In a recent Times article, Gareth Davies, head of the National Audit Office (NAO), drew on the findings of a new NAO report to argue for more and better evaluation of government spending.
Progress is being made. The 2020 Green Book review announced a greater emphasis on high quality evaluation, and the Cabinet Office’s Evaluation Taskforce is championing better use of evaluation, for example during last year’s spending review process. But despite pockets of excellence across government, evaluation still lags behind appraisal in terms of coverage and consistency: the NAO report found that only 8 per cent of major projects had robust evaluation plans in place.
In one sense, this is to be expected. The fact that appraisals are needed before a project can begin is as good an incentive as you can get to ensure policy-makers deliver them. And the fact that business case approval rests on meeting a certain bar means a minimum quality standard can be maintained. In contrast, evaluation can’t be completed until the project is delivered. Decision-makers can insist on evaluation plans as a condition of funding but there’s no standard process to ensure quality, usefulness or timeliness. Add to that barriers to evaluation such as costs, design constraints, and the risk of finding out the policy doesn’t work, and the challenges are clear.
But if, for any individual project, the incentives are stronger for appraisal than for robust evaluation, that’s not true when it comes to delivering value for money across the whole policy agenda. In this wider context, appraisal only contributes to good policy-making if we understand how predicted costs and benefits have played out in practice. And that requires good evaluation. If only 8 percent of projects are being robustly evaluated, building this broader picture of whether government intervention is actually delivering the desired changes is extremely difficult. We need a system which ensures that good evaluation happens, and refers back to appraisal, so that over time we improve our ability to select the most cost-effective interventions.
The creation of the Evaluation Taskforce and the changes announced in the Green Book review show that government is aware of the challenges, but the NAO finding reminds us that there’s lots of work still to do.
In this context, it was interesting to read a recent Twitter discussion about whether prioritising evaluation – specifically high-quality impact evaluation – might actually undermine good policy-making, rather than support it. One concern was that it can skew funding towards the types of interventions that are most easily evaluated, and therefore most likely to be well-evidenced, and that things that are difficult to evaluate – for example because they are placed-based, or hard to replicate – will be systematically under-used.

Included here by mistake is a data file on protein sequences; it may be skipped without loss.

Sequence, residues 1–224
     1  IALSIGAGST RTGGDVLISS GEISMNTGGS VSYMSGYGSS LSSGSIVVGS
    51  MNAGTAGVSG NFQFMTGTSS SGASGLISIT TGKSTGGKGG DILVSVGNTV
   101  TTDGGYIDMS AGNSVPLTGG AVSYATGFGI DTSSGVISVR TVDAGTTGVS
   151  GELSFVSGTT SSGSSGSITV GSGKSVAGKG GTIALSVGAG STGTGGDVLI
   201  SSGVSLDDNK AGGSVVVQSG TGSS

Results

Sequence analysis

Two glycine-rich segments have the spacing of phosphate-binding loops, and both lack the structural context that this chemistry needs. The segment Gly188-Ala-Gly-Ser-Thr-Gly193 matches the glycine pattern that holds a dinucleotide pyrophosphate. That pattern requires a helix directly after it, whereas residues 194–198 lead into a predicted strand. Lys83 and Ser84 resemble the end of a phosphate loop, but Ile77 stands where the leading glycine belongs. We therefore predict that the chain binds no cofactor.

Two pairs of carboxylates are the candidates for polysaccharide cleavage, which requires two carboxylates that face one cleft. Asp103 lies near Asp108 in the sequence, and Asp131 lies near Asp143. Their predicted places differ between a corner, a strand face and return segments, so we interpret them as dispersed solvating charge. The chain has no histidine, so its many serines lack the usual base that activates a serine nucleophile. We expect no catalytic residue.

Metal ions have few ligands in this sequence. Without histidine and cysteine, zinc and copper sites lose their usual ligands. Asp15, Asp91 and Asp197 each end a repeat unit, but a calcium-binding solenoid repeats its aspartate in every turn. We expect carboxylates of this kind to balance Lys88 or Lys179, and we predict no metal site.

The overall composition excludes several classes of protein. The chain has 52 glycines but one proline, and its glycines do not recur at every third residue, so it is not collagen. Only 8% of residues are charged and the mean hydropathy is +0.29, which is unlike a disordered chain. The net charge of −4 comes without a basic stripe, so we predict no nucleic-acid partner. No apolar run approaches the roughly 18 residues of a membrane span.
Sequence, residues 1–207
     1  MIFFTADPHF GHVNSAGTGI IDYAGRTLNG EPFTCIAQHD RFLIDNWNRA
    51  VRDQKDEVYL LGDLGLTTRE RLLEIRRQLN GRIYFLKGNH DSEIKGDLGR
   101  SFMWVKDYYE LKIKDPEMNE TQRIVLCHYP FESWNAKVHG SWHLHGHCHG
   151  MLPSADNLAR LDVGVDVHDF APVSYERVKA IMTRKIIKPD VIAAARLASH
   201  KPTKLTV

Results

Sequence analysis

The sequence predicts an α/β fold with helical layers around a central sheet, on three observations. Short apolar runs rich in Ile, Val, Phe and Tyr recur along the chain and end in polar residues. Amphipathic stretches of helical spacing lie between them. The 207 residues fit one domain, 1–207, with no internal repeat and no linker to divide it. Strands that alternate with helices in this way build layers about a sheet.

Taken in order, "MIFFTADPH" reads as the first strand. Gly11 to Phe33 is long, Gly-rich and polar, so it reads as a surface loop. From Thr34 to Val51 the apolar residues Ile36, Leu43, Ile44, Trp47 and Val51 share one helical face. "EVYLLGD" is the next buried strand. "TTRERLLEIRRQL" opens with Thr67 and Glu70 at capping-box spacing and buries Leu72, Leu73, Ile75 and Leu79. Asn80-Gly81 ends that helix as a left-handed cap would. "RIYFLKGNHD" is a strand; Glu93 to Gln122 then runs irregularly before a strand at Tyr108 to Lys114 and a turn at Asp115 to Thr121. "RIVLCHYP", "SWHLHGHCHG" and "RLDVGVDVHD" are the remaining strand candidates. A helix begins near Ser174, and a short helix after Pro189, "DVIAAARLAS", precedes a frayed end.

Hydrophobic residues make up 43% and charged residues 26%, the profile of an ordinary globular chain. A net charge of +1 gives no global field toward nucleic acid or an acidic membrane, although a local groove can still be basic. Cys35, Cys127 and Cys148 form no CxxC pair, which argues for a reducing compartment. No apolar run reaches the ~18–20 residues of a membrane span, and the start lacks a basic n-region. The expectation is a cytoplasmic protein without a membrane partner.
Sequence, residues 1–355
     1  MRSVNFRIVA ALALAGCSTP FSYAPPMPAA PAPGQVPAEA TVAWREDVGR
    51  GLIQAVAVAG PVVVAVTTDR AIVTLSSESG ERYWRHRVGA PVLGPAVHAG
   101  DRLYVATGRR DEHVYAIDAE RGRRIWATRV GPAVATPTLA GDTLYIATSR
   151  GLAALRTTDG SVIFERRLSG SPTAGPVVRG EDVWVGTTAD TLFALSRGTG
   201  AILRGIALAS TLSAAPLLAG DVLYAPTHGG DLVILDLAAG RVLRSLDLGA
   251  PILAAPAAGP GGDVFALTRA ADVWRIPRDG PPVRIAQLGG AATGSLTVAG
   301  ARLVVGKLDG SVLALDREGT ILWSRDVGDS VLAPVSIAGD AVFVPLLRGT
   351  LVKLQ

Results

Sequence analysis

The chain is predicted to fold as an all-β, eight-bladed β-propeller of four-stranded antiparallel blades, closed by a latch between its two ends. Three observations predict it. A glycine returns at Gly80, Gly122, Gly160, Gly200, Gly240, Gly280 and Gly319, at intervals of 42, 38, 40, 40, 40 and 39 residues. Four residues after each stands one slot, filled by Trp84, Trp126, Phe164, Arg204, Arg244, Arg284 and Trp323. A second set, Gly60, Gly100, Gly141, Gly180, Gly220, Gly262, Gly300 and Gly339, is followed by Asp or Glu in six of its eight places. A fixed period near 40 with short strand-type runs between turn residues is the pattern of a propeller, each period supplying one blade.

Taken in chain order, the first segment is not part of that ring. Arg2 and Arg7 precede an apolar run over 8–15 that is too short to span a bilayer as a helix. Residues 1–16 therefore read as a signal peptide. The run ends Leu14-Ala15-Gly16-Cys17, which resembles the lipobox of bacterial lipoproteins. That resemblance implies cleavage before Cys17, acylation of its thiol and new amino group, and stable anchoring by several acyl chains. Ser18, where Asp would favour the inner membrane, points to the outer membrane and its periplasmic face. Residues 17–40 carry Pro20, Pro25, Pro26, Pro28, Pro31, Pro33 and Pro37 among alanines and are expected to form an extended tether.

The same point was made when the ‘What Works’ network was established in the early 2010s, and it is an important one. If funding were to be restricted only to those interventions which have been, or could be, evaluated using a ‘gold standard’ Randomised Control Trial, we’d be in trouble. Huge swathes of important projects and programmes would be affected.
This doesn’t seem to be a risk at present. To give just one example, in my own field of local economic development, billions of pounds have been allocated over the last few years to interventions which will be chosen on the basis of local priorities. For some places, evidence from previous evaluation might be a factor in their choices, but it doesn’t have to. This is not to say that a ‘lack of evidence’ is never cited as a reason not to pursue a policy, but it doesn’t appear to be red line.
But those of us who champion greater evaluation requirements should keep this risk in mind. A greater emphasis on high-quality evaluation should not come at the cost of skewing funding towards particular types of projects and programmes simply because they are easier to evaluate.
The following principles might be helpful.
First, evidence requirements should not prevent innovation. It should never be the case that only things which have already been evaluated can be funded. Instead, we need to ensure that when we do fund something new, it is properly evaluated, facilitating better-informed decisions next time round.
Second, the evaluation requirements should match the policy. For a national employment support programme delivered to individuals, it is reasonable to demand that it is either based on, or the subject of, a high-quality evaluation, comparing people who receive it with similar people who don’t. For a local flood defence programme, on the other hand, this isn’t possible or appropriate, but there exist a range of other evaluation methods which are.
Third, good evaluation sometimes requires additional resources and skills. Project and programme design should always consider not just the budget needed for evaluation, but also the technical capacity. For example, if a programme is to be delivered by local partners with limited evaluation expertise, central government may need to build centrally supported evaluation into the design.
With these principles in mind, we can move towards a much stronger approach to evaluation without undermining innovative, responsive and locally relevant policy-making.
This blog was written for the Green Book Network. Danni Mason is a member of the Network Steering Group.